Allelopathic effects and bio-insecticidal potential of sphaeranthus suaveolens in common bean farming in Northern Tanzania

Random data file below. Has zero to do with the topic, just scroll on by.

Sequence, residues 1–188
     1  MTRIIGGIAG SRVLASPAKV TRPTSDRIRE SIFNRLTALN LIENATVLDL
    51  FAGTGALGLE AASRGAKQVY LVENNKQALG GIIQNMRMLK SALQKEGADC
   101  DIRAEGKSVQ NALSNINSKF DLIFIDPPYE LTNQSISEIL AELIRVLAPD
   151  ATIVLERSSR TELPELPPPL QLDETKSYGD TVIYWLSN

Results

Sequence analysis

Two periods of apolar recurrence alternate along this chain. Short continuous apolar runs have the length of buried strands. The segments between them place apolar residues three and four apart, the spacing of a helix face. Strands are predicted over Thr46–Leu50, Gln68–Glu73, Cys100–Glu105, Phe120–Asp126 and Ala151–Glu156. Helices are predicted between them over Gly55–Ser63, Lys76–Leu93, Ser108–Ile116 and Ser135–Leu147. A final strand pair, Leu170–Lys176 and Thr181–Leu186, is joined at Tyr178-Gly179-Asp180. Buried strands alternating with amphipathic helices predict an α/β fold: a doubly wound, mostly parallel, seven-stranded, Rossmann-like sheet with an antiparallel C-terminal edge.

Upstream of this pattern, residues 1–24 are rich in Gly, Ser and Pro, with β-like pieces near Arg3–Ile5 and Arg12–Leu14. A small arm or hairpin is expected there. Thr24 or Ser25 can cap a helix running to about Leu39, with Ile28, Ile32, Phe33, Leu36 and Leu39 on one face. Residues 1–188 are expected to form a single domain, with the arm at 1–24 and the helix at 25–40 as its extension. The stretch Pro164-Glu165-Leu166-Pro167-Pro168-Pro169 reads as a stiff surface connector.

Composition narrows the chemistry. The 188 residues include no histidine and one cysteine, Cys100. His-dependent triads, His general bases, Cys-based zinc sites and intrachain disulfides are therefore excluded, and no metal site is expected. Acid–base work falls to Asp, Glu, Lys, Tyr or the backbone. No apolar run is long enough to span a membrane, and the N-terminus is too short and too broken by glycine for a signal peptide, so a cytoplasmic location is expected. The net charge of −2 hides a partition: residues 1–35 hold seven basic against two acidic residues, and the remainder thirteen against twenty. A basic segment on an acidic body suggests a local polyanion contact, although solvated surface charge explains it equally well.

Weeds and insect pests are amongst the serious constraints in common bean farming in most parts of Tanzania. However, weeds with allelopathic and insecticidal properties if well manipulated can be used to manage insect pests, weeds and other challenges in agriculture. Therefore, this study assessed the allelopathic effects of a weed Sphaeranthus suaveolens in common bean seed germination and seedling growth, as well as its bio-insecticidal potential in managing Acanthoscelides obtectus, an insect pest of stored legumes. Social survey to smallholder farmers in Arumeru and Moshi rural districts, seed germination and post-harvest loss experiments, as well as the phytochemical screening of secondary metabolites were conducted in order to gather local knowledge on weed and insect pest management practices, assess the allelopathic effects of different concentration of S. suaveolens crude extracts, evaluate the bio-insecticidal properties and identify the secondary metabolites present in S. suaveolens crude extract. Results showed that, insect pests and weeds were the main constraints in common bean farming and chemical spray and mechanical weeding were the main methods used by farmers to manage them respectively. Furthermore, S. suaveolens in the surveyed villages was more distributed in farmlands and swampy areas and density was high during the rainy season. Results further showed that seed germination, seedling growth and chlorophyll content of common bean seedlings were significantly affected by the high concentration of S. suaveolens crude extracts which suggests the presence of water soluble allelochemicals. Moreover, the mortality of A. obtectus in common bean seeds treated with high dose of S. suaveolens powder was higher compared with the control experiment, signifying the insecticidal properties of S. suaveolens powder and its potential in managing A. obtectus in storage facilities. Additionally, the phytochemical analysis of S. suaveolens crude revealed the presence of terpenes, alkaloids, flavonoids, saponins, glycosides, steroids and anthraquinones. Thus, the findings from this study showed the allelopathic effects of S. suaveolens extracts on common bean seed germination and growth, as well as potential of its powder in managing A. obtectus in storage facilities thereby reducing post-harvest loss particularly among smallholder farmers with limited access to synthetic pesticides.